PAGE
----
Dallas, TX –
I recently read of a lawyer whose talent was "untying the Gordian knots typical in tangled legal matters." That was good alliteration, but bad metaphor. The point of the Gordian knot was that it could not be untied.
The Gordian knot myth concerns a knot so complicated that a prophecy arises: Whoever can undo the knot will rule Asia. Many try and fail. But when Alexander encounters the Gordian knot, he undoes it by simply drawing his sword and cutting it.
Another common expression from myth is "Achilles' heel," which means a weak spot. The legend is that the mother of the infant Achilles dipped him into the magical river Styx to make him invulnerable. She held him by the heel, however, which left it unprotected - and the adult Achilles was killed by an arrow to his heel.
Two other handy myth expressions are "Herculean task" and "Augean stables." Hercules was the son of Zeus and a mortal woman. The legend goes that Zeus' wife was so jealous of Hercules that she sent him a dozen impossible tasks which he nevertheless accomplished.
One of Hercules' tasks was cleaning King Augeas' stables which housed 3,000 oxen and hadn't been cleaned in 30 years. Well, I mean! Hercules diverted two rivers through the stables and voil ! Today, we liken any awesome cleanup often one that involves massive corruption to "cleaning the Augean stables."
The mortals Pandora and Cassandra also left valuable allusions. Pandora's curiosity was the source of all misfortune. The gods gave her a box into which each had put something harmful, forbidding her ever to open it. But her curiosity got the better of her, and she lifted the lid. Out flew all evil. References to "opening Pandora's Box" are common. Here's a clever headline about lawyer advertising: "Lawyers open Pandora's briefcase."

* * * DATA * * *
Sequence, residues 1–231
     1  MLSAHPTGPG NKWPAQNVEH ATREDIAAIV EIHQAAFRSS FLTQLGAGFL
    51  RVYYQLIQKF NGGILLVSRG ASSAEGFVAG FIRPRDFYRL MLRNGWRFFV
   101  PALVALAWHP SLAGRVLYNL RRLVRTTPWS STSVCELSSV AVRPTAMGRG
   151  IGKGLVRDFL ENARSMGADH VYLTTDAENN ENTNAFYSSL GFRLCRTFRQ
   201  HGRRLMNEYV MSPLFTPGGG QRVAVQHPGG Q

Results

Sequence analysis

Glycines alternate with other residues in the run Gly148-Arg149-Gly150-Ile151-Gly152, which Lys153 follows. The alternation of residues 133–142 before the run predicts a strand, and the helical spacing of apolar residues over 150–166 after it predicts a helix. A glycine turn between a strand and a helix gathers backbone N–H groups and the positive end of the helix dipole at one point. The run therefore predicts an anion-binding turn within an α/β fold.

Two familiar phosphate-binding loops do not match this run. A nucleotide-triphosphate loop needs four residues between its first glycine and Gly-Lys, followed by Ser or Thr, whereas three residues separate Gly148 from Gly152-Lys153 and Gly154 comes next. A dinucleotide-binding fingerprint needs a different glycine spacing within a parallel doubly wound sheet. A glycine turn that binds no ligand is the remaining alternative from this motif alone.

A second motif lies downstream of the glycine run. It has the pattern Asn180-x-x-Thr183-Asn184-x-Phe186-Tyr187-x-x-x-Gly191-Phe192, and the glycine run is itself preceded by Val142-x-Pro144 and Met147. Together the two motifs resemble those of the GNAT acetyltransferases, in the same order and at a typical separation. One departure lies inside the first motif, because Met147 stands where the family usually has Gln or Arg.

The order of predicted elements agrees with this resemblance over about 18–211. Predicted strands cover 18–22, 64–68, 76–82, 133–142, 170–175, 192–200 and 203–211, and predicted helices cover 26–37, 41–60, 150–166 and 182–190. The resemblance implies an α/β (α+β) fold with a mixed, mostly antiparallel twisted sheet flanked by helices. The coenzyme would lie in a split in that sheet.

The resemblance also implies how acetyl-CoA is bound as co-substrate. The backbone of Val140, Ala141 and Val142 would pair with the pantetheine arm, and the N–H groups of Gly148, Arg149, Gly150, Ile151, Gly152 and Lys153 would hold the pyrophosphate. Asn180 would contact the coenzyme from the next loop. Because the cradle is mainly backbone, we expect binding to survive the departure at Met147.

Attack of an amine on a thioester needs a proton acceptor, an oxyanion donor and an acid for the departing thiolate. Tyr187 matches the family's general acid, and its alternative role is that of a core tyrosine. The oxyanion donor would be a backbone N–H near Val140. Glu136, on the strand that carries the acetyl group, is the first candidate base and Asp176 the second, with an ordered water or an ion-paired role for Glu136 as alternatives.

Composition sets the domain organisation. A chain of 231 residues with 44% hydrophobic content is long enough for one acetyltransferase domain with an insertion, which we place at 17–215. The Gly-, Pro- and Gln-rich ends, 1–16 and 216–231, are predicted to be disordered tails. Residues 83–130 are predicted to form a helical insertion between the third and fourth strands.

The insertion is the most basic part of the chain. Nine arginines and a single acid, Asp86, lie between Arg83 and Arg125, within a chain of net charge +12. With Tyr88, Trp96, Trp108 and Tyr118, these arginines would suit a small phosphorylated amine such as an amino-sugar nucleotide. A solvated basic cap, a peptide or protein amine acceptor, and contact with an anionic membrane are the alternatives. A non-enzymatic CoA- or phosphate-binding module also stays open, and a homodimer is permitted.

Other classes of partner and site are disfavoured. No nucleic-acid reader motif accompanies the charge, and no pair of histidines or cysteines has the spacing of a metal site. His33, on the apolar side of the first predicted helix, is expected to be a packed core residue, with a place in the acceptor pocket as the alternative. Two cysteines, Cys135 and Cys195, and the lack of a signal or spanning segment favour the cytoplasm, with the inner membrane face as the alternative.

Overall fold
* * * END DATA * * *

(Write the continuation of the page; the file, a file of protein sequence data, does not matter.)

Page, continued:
Cassandra's mistake was spurning the god Apollo. He cursed her with a so-called gift of prophecy: She would predict the future accurately, but her curse would be that no one would believe her. Warren Buffet who has repeatedly and accurately predicted an unhappy end to various stock market euphorias has been called a "Wall Street Cassandra."
From Eros, god of love, we get the word erotic, while from his counterpart, Aphrodite, comes aphrodisiac. From Mars, god of war, comes martial. From the Titans comes titanic. From the eternal task of Sisyphus that of rolling a large stone up a hill, only to see it roll down again comes Sisyphean, an adjective we give to endless and thankless effort. From Hector, a figure in the Trojan army, comes the verb hector, meaning to bully or badger.
Dionysian and bacchanalian describe drunken celebration and derive from the gods of revelry and wine, Dionysus and Bacchus.
Junoesque comes from Juno, wife of Jove. Junoesque once suggested a stately, matronly beauty but is now just a euphemism for "queen-sized."
Jovial, meantime, derives from Jove although he seemed far from jovial when he was lobbing thunderbolts at Earthlings.
Maybe that was a myth.
Paula LaRocque is the author of The Book on Writing: The Ultimate Guide to Writing Well.
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